Thursday, May 13, 2021

Tired

(Left Right)

Seriously, I am.

Went up to New Hampshire for Mothers Day, which was awesome as I haven't seen my Mom or my two brothers since Christmas of 2019. That part was awesome.

The get up early on Saturday, drive 150 miles, then do the same on Sunday, left me rather wrung out. It's also been a very busy week at work. Testing stuff, getting ready to go West to test more stuff in the July/August time frame.

Sleep has been hard to find. And the bloody taxes are in the offing. Ah well, I'll sleep when I'm dead. Maybe...

As to that pending trip, sure hope you're going to be in town Tuna as I'll be in your AO for a week or three. You as well Big Sox Fan. And any other denizens of that fine town. You who dwell there know whereof I speak.

It's been a while since I've been here, and I need to, a pilgrimage of a certain kind dontcha know.

Anyhoo, might also get the chance to see two of the progeny and some of the grand-progeny. OTOH, I'll be at sea for a few days as well.

There ya go, a puzzle to be figured out...


In the bad news department...

 I have a favorite English muffin, it's made by these folks. The very best English muffin I have ever had (it's a personal preference mind you) and I've been unable to score any for a few weeks. So today, while at my local grocery store, whilst on a muffin quest, I encountered the manager of said emporium who inquired as to my needing assistance.

"Why yes my good fellow, where, pray tell, are the Vermont Bread English muffins?"

"Oh dear," sayeth he, "I'm afraid they've gone out of business, rather suddenly."

Stunned beyond measure, I staggered from the store. Bereft of my favorite muffin, apparently forever.

"Adieu sweet muffin, I shall remember thee, for as long as the jam lasts, and the toaster shall toast, you shall not be forgotten."

Sigh...



52 comments:

  1. Yup, San Diego is a great place to visit. Don't miss out on hole-in-the-wall Mexican food joints...Nirvana. I was born and raised in San Diego Co. Paradise, until the commiecrats stole the political system. Now live in Tennessee, redneck-in-traing to be a hillbilly.

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    Replies
    1. I've been there before, love the Mexican food.

      Tennessee, God's country.

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  2. 'Four years of losses' led to Vermont Bread closure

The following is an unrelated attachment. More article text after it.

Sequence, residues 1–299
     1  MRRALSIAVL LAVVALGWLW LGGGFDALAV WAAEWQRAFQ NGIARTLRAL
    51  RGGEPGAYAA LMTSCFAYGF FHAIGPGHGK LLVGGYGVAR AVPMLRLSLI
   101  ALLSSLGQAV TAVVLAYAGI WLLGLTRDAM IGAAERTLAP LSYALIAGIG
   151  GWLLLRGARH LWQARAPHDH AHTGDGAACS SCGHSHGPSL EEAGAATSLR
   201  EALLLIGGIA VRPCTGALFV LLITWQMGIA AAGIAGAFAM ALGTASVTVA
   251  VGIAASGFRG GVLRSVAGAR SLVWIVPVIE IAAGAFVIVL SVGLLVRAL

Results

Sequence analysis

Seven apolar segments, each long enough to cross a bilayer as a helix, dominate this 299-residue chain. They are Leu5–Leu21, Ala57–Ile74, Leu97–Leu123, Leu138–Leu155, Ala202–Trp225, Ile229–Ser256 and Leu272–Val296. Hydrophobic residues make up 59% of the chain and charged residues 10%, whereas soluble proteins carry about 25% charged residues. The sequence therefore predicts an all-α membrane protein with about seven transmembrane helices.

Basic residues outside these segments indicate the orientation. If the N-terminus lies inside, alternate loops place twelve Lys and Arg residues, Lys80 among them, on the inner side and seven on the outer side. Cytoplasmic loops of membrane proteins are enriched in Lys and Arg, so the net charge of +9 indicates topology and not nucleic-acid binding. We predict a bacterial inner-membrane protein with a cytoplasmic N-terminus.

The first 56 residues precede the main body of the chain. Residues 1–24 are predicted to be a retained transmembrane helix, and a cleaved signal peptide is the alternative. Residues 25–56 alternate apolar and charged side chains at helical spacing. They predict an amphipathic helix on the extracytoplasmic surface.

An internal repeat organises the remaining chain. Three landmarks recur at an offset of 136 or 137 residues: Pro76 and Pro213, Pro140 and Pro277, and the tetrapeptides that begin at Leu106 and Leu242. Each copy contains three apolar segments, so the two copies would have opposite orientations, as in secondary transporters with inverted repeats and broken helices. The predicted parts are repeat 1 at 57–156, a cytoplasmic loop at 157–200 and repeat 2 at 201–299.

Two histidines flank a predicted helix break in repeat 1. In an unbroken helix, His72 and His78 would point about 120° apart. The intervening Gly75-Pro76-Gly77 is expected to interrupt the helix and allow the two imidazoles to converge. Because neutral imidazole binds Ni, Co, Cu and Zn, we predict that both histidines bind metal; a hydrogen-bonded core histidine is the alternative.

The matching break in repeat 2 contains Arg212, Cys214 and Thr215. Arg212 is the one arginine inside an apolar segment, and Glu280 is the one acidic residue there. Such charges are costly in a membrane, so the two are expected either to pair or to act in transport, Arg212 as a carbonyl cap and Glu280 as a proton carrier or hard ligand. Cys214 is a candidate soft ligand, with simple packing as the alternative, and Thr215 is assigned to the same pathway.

https://www.reformer.com/local-news/vermont-bread-company-abruptly-closes-91-employees-out-of-a-job/article_4ec26798-a697-11eb-b0bd-67a2c647ca00.html

    Ouch. Apparently the joys of their Organic & Wholesome English Muffins was not as widely shared as one would have hoped :(


    /
    L.J.

    ReplyDelete
    Replies
    1. I know. I shall eat my last two tomorrow, then spend the weekend mourning what used to be...

      A lot of that "mourning what used to be" going around these days.

      Delete
    2. Yes......sadly that statement "mourning what used to be" is more and more prevalent every day.

      Delete
  3. So the baker closed when you yeast expected it?

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    Replies
    1. Hahahahahahahahahahahahahahahaha!

      Good one Tom.

      Delete
    2. Tom, that is so bad, it's good! (as a joke, that is)

      Delete
    3. I am so used to 'auto correcting' what I read that it took me about 5 tries to actually see what you did there, Tom.

      Ah, well, OldAFSarge has been battered enough by recent occurrences, hasn't he?

      Delete
    4. And another shot scores!

      (Battered indeed...)

      Delete
  4. Sarge, super happy you got to see your mom and brothers! You relate the same issue that ultimately caused me to cut back on my Highland Games: getting up at the crack of dawn, driving 150-200 miles, throwing all day, and then driving back sort of drains the "fun" out of everything (yes, I suppose I could spend the night, but that is perfectly good money spent AND I still have to drive back).

    I truly wish I was one of those folks that God designed to live on less sleep (I have known a few). How much more I could get done.

    I feel your English Muffin Pain. The favorite manufacturer of the Sourdough Bread we loved also went out of business some years ago. They made singular Sourdough for which we have been able to find a suitable replacement. Now they only live in my memories, slathered in butter...

    I suppose this is the part of the program where I am supposed to encourage you to find a new brand and not loaf around...

    ReplyDelete
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    1. There may be hope, a bakery in Massachusetts is in negotiations to keep Vermont Bread going. It ain't over until it's over!

      (Heh, loaf around, good one.)

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    2. Thank you. After all, your readers are nothing but the upper crust...

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    3. He shoots...

      He scores!

      Nice.

      Delete